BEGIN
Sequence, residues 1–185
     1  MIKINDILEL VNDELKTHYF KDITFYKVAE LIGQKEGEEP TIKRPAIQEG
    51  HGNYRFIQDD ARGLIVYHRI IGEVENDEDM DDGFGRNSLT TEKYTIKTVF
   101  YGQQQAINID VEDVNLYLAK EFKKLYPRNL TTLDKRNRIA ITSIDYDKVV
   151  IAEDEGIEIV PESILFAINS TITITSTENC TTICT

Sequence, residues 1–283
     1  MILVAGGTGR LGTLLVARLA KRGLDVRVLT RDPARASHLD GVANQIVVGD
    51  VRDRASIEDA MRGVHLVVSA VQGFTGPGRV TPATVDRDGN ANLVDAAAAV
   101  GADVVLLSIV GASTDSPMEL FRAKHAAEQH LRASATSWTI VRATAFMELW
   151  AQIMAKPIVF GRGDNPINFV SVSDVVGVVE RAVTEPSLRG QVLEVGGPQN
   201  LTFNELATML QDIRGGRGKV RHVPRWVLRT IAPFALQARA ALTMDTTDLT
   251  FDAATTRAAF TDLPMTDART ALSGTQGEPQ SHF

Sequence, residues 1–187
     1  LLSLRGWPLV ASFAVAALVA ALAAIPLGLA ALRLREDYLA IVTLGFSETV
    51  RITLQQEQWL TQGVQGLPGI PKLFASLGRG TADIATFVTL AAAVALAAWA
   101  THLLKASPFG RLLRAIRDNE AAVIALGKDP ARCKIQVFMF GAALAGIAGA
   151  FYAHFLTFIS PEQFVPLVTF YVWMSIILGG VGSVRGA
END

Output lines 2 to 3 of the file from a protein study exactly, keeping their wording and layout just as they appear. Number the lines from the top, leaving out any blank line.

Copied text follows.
     1  MIKINDILEL VNDELKTHYF KDITFYKVAE LIGQKEGEEP TIKRPAIQEG
    51  HGNYRFIQDD ARGLIVYHRI IGEVENDEDM DDGFGRNSLT TEKYTIKTVF